This morning I presided at the Eucharist at St M's.
Nothing unusual in that, though I'm thankful that the sense of wonder that I should be standing in that place, speaking those words shows no sign of abating, 18 months after my priesting.
But this morning had a particular feel to it, combining as it did the readings on the Transfiguration (which we will keep as a high Feast in August, too) with a heightened sense of what is happening to the Anglican Communion as, far away, the Primates continue to talk.
Before I left for church, I'd read these words (quoted on Rick's blog, which has,as so often, a wise perspective on the current dramas) from Jim Naughton, Canon for Communications at the Episcopal diocese of Washington D.C. (the words first appeared on the Associated Press site)
"Imagine if every believer, everywhere insisted on knowing the views of every other worshipper in a church on all the hot-button issues of our time before they would agree to go to Eucharist,'' Naughton said. ``When you don't attend a Eucharist because you disagree with the views of the people who are attending with you, you make it seem that the Eucharist is about you. It is not about you. It is about God.''
These words really hit home for me, on this Transfiguration Sunday, when we reflect on what it might mean for God to transfigure us, so that when people look they "See nothing, but only Jesus". As a priest and as a President, I'm always conscious of the tension between offering myself as I am, since this is all that I have to bring to the Eucharistic table, and at the same time getting myself out of the way, so that those who gather can encounter God, without any obtrusive mediation from the priest.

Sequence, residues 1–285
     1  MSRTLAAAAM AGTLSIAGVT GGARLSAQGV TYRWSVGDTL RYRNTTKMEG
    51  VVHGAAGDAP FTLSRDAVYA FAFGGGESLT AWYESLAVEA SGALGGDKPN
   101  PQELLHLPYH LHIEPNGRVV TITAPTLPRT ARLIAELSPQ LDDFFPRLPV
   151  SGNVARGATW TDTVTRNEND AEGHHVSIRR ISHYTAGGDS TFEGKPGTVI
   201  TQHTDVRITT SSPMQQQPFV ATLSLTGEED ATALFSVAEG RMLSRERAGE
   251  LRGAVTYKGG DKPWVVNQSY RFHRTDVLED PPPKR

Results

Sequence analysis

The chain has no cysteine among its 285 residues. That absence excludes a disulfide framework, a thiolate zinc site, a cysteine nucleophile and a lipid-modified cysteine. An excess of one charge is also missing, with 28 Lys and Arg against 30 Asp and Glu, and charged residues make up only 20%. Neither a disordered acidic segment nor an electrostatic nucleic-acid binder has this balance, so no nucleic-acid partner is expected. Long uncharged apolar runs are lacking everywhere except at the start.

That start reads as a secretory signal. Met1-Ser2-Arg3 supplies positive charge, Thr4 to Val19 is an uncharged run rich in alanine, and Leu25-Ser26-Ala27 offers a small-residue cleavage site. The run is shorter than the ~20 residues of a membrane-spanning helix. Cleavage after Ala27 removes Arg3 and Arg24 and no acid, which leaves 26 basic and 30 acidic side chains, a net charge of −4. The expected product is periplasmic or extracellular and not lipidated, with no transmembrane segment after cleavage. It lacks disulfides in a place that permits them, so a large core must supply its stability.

Today this felt even more essential.
And then I took the consecrated host and deliberately broke it, as I have to do, whenever I preside at the Eucharist.
Sometimes this feels like part of God's generous action, something that is pure joy to do, since by breaking I make the Sacrament available to all.
At others, particularly at the Midnight Mass, it feels like a violation, as I become the representative of all the human sins that wound Christ again and again.
Today I wanted to avoid the fraction altogether, but of course this was not an option.
So I broke the wafer as I knew I must- praying that this action of breaking the Body of Christ was not being mirrored in the actions of the Primates in Dar es Salam.
But the reality is that if those Archbishops have absented themselves from the Eucharist, then Communion is already broken.
We know, each one of us, that the whole Church is Christ's broken body here on earth...but perhaps we need to remember too that where there are cracks and brokenness, the light can shine through. To be part of a Church that seems in some ways bent on self-destruction is horribly painful, but perhaps in brokeness we'll ultimately be more able to get ourselves out of the way. Unable to present even a facade of unity and strength, we'll be forced to acknowledge our utter dependence on the God who welcomes us in all our frailty, and allow that same God to transform and transfigure the Church.
View mee, Lord, a worke of thine :
Shall I then lye drown'd in night?
Might thy grace in mee but shine,
I should seeme made all of light.
(Thomas Campion: First Booke of Aires)